commitments would contribute to the creation of an enabling environment
for development, which was conducive to the full realization of all human
rights for all.

In a resolution on strengthening the Office of the High Commissioner for
Human Rights, the Council reaffirms that the tasks of the High
Commissioner include promoting and protecting the realization of the right
to development, and requests the High Commissioner to enhance
international cooperation for the promotion and protection of all human
rights.

In a resolution on rectification of the legal status of the Committee on
Economic, Social and Cultural Rights, the Council decided to initiate a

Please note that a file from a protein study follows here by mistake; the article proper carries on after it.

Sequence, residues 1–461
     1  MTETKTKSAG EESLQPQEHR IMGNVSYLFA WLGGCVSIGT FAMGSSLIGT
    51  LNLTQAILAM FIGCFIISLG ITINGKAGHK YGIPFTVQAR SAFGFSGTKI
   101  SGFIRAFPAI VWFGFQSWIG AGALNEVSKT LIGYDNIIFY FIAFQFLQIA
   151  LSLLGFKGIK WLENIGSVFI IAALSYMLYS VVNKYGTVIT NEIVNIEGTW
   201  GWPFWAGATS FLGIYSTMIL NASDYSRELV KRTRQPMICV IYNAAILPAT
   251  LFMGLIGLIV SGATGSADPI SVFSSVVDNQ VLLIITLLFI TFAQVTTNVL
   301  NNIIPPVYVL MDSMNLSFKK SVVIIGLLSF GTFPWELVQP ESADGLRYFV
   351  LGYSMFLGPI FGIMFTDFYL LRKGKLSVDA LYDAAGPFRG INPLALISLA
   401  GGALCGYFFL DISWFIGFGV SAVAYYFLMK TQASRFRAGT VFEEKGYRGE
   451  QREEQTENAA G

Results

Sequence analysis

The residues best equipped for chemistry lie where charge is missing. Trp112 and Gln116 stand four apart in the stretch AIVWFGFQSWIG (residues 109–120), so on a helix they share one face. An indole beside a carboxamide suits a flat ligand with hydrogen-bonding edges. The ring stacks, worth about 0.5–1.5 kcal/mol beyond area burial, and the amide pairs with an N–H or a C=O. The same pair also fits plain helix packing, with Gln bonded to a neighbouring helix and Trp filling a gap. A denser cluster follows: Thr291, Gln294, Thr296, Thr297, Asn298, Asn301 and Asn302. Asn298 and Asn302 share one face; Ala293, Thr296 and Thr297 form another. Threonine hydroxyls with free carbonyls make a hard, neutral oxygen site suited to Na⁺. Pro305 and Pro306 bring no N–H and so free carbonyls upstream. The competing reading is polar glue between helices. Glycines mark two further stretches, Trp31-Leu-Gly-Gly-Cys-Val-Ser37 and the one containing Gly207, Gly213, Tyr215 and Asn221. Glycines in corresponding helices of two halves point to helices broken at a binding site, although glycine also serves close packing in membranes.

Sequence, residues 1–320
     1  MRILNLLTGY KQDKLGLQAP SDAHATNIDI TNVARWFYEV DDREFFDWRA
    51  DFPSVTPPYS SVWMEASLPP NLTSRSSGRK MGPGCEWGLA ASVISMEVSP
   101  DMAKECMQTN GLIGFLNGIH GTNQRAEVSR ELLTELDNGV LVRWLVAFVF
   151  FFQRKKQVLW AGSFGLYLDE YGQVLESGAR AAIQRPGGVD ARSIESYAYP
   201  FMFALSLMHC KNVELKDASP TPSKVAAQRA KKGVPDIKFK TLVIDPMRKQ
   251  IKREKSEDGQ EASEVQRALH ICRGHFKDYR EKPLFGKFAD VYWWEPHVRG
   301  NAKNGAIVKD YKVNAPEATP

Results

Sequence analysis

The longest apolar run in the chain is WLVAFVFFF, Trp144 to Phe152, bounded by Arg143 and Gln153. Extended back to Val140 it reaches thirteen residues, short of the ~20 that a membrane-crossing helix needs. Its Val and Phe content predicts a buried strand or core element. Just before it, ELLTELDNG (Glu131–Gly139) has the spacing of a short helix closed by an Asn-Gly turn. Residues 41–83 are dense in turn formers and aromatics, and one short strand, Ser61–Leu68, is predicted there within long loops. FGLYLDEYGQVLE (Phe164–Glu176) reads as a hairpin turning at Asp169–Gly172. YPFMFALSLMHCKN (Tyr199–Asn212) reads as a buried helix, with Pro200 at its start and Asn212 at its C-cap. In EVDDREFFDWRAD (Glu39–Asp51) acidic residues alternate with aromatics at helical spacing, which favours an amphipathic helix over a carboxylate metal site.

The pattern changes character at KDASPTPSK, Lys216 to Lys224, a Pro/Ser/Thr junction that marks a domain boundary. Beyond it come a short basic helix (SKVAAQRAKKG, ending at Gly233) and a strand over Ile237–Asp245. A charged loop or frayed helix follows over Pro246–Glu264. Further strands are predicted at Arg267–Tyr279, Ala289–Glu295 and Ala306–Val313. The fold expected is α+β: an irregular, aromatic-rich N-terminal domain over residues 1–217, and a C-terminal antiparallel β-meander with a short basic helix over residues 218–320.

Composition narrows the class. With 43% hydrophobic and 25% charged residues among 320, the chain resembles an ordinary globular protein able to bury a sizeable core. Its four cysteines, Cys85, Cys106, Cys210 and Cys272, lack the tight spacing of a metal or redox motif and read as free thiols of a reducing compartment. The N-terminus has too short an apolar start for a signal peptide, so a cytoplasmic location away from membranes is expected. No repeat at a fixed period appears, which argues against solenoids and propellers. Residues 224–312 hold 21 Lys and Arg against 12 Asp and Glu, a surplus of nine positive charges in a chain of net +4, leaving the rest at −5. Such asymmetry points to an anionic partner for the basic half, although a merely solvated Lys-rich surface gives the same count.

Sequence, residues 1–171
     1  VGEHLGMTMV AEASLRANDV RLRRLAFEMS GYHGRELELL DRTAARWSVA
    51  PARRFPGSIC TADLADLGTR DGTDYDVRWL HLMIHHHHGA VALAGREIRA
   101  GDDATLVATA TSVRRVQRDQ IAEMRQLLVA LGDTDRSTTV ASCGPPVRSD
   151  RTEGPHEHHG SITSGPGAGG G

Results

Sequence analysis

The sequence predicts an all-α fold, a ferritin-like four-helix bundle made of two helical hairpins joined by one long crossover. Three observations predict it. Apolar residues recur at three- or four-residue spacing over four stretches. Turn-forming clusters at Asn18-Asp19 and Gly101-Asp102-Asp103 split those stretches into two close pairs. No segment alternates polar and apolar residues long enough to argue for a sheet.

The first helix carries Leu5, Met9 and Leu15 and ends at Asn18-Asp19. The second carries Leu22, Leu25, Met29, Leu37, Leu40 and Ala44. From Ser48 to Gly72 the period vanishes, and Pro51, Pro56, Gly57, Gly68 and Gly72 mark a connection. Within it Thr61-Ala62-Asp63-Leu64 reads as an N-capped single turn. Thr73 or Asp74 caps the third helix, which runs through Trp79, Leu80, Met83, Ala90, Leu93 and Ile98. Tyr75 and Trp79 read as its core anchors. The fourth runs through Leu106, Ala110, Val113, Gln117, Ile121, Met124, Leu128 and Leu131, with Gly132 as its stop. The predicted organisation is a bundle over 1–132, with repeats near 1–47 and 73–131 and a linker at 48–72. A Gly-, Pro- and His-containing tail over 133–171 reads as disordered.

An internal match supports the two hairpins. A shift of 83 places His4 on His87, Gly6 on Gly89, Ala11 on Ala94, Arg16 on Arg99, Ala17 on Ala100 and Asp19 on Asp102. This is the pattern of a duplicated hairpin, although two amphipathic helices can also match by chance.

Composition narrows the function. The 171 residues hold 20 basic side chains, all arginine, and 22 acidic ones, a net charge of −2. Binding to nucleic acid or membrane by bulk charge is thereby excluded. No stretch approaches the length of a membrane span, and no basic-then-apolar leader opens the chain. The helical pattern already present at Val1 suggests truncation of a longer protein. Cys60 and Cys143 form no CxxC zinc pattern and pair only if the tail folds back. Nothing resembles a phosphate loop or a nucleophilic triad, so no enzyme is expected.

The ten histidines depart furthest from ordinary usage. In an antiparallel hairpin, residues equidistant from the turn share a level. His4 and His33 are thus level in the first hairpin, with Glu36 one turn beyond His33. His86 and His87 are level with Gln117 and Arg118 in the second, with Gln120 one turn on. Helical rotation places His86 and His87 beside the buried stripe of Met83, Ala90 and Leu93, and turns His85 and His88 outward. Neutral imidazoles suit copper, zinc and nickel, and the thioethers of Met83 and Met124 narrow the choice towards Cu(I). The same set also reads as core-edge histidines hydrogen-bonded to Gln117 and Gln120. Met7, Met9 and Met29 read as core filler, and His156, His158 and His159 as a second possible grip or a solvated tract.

process to rectify the legal status of the Committee on Economic, Social
and Cultural Rights, with the aim of placing the Committee on a par with
all other treaty monitoring bodies.

In a resolution on follow-up to the decision of 13 December 2006 adopted
by the Human Rights Council at its fourth special session entitled
“Situation of human rights in Darfur”, the Council calls upon all parties
to the conflict in Darfur to put an end to all acts of violence against
civilians, and decides to convene a group to ensure the effective
follow-up and to foster the implementation of resolutions and
recommendations on Darfur.

In a resolution on combating defamation of religions, the Council urged
States to take resolute action to prohibit the dissemination of racist and
xenophobic ideas and material aimed at any religion or its followers that